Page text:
Study of Childhood Onset Lupus Confirms Unique Needs of Adolescents and Young Adults
Childhood-onset systemic lupus erythematosus (cSLE) accounts for 10-20 percent of all people living with lupus. Understanding the living experience of adolescents and young adults (AYAs) with cSLE is an important first step in developing interventions to aid in self-management and adherence.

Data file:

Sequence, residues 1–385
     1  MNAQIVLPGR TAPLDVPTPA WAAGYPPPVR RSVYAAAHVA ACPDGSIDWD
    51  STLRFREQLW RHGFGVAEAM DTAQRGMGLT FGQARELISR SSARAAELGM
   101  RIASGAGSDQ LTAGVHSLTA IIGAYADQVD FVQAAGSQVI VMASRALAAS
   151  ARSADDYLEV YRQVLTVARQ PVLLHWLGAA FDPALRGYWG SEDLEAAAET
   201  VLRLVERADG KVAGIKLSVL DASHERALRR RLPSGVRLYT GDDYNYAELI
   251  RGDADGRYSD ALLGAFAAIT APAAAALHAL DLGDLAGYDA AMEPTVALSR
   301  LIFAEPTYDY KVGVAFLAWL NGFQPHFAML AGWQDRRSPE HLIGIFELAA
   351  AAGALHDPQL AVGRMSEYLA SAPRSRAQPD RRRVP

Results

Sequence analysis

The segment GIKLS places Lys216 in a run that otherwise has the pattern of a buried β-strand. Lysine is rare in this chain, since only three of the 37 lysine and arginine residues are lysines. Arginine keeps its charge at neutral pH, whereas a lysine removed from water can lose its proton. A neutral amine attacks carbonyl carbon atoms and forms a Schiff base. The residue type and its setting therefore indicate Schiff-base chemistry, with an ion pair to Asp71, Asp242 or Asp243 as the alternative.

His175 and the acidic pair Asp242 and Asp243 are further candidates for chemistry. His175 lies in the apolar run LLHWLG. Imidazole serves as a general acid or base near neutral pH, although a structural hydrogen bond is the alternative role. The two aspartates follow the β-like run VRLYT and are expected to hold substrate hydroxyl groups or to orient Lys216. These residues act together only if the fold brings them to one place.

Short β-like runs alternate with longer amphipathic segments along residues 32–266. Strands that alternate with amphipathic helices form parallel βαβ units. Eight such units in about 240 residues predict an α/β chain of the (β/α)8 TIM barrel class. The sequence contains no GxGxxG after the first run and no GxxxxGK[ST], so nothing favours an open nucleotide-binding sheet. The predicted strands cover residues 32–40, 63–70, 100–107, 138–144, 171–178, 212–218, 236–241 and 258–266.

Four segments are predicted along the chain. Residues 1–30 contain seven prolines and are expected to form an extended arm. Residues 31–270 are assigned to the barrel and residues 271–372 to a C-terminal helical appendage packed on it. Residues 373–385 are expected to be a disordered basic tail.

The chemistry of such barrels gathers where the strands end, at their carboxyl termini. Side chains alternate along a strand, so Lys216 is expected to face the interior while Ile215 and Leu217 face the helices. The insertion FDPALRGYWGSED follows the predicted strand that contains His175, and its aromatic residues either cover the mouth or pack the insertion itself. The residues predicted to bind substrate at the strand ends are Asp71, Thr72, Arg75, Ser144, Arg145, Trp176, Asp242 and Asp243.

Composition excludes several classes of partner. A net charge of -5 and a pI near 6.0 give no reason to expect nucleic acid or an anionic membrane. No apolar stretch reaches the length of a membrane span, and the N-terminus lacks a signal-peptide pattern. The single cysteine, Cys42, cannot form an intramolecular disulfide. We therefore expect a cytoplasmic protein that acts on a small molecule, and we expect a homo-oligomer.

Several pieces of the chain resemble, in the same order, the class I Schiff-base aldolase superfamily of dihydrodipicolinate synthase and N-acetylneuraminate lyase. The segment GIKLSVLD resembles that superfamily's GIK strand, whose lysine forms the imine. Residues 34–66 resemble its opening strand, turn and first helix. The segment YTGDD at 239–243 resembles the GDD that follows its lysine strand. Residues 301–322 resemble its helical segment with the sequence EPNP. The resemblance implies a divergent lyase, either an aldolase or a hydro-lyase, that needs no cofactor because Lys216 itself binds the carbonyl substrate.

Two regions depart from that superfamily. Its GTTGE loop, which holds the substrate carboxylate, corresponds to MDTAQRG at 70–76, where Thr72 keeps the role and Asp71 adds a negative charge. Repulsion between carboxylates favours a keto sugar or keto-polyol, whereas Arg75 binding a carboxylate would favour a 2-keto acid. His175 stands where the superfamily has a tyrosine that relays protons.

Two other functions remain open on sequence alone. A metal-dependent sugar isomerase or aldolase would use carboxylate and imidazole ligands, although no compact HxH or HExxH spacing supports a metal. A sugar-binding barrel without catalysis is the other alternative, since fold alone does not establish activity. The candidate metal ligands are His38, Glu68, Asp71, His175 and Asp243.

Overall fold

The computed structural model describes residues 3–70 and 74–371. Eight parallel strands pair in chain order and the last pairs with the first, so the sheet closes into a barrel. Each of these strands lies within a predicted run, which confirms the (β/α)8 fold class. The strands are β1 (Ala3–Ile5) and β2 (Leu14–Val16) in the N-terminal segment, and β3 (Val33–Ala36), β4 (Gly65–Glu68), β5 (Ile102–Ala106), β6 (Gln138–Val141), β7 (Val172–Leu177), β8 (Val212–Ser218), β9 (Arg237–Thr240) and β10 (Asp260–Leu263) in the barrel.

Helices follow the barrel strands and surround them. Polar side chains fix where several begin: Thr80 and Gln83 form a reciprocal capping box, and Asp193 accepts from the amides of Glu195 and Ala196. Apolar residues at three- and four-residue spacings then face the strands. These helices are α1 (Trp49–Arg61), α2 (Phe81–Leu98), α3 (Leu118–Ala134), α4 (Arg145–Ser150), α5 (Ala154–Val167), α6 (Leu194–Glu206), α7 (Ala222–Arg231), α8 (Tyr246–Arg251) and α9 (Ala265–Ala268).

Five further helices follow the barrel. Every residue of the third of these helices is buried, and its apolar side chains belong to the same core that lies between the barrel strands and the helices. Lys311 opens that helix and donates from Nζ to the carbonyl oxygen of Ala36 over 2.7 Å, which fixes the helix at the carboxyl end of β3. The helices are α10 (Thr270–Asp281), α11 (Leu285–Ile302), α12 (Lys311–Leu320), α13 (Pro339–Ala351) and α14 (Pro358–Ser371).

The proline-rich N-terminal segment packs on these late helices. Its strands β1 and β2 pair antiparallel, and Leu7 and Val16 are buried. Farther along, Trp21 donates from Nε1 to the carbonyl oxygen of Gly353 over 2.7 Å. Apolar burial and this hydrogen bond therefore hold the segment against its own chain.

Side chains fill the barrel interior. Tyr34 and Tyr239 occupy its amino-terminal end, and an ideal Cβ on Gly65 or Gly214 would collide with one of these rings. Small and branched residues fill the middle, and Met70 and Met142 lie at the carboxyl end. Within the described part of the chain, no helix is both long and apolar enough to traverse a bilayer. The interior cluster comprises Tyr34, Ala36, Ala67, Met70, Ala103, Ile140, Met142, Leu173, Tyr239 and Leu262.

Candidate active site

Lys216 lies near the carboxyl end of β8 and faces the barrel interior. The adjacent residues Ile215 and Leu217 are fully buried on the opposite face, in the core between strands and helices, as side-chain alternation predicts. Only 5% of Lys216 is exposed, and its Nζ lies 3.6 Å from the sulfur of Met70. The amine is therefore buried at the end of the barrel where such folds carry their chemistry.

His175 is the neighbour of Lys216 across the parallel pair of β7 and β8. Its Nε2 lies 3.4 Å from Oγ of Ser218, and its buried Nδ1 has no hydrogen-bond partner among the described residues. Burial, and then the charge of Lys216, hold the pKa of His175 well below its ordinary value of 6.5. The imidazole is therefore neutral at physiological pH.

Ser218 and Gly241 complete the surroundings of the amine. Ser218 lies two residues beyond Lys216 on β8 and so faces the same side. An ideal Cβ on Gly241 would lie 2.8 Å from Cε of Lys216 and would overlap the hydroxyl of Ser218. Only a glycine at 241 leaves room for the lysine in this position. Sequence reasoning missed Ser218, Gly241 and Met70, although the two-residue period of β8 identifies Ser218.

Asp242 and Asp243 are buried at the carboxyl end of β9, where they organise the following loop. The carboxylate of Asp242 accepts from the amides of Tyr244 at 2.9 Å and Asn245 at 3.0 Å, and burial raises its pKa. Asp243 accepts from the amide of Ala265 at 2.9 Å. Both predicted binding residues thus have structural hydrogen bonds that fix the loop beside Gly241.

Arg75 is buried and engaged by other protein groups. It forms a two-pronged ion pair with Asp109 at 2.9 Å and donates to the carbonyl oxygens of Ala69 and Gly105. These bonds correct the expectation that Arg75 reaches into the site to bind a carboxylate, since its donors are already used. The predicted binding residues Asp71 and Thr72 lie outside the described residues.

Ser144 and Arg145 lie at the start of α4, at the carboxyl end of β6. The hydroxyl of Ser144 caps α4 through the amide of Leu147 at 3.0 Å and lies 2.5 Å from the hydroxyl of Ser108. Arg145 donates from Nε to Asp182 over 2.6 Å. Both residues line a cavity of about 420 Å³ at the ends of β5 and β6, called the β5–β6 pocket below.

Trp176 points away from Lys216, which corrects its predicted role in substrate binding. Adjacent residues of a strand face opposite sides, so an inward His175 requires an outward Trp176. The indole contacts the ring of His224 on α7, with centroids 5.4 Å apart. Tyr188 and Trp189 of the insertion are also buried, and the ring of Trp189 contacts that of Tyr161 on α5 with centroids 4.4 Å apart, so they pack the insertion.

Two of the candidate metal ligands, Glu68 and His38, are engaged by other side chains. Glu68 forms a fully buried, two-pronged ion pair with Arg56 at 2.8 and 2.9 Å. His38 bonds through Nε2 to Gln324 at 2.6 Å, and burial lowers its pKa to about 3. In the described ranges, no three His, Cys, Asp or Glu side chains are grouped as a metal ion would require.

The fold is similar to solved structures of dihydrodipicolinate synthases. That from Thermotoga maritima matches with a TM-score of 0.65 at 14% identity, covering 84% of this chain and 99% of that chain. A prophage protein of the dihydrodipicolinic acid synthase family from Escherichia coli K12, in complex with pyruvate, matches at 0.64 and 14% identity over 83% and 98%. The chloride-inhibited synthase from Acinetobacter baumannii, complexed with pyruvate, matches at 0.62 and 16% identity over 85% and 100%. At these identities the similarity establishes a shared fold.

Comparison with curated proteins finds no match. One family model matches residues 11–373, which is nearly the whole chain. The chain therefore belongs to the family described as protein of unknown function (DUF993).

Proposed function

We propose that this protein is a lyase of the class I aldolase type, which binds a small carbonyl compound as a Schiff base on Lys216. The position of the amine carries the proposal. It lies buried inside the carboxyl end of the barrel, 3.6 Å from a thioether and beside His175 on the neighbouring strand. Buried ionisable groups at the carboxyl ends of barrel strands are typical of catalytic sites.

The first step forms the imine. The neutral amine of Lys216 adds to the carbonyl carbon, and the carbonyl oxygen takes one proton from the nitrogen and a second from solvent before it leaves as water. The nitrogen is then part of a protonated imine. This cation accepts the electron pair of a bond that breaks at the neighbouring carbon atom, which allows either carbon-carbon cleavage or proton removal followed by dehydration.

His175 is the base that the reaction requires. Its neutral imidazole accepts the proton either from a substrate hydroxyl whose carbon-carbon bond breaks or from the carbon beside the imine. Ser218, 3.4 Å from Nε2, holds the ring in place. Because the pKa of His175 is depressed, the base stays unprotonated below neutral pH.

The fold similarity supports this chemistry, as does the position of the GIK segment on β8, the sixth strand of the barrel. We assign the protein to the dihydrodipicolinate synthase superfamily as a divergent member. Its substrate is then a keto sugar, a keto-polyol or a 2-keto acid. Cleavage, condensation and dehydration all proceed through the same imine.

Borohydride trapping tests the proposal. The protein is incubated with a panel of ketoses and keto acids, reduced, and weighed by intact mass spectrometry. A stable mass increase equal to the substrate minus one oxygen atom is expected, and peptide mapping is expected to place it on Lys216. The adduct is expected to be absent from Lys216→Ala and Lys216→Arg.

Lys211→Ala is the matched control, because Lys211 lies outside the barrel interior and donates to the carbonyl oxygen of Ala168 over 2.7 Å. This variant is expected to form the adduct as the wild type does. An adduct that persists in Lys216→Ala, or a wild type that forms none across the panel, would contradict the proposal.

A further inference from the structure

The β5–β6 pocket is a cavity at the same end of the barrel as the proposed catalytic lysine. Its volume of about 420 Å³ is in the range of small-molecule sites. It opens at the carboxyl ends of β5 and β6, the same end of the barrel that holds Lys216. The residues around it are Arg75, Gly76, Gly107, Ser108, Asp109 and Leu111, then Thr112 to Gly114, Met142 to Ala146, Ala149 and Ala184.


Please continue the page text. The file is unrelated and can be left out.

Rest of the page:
A new study surveyed AYAs from a Midwestern children’s hospital with cSLE between the ages of 12 and 24, and 44 primary caregivers, about living with lupus. The results yielded ten major themes with four expressed by both groups: knowledge deficits about cSLE, symptoms limiting daily function (mood and learning), barriers and facilitators of adherence, and worry about the future. AYA-specific themes that surfaced, included symptoms limiting daily function (pain and fatigue), self-care and management, impact on personal relationships and health care provider communication/relationship. Caregiver-specific themes captured, included a need for school advocacy, disruption of the family schedule and sense of normalcy for their adolescent. The researchers concluded that continued psychosocial support, health information education, adherence interventions and personalized treatment plans are necessary to increase self-management and autonomy in AYAs with cSLE. Learn about childhood lupus.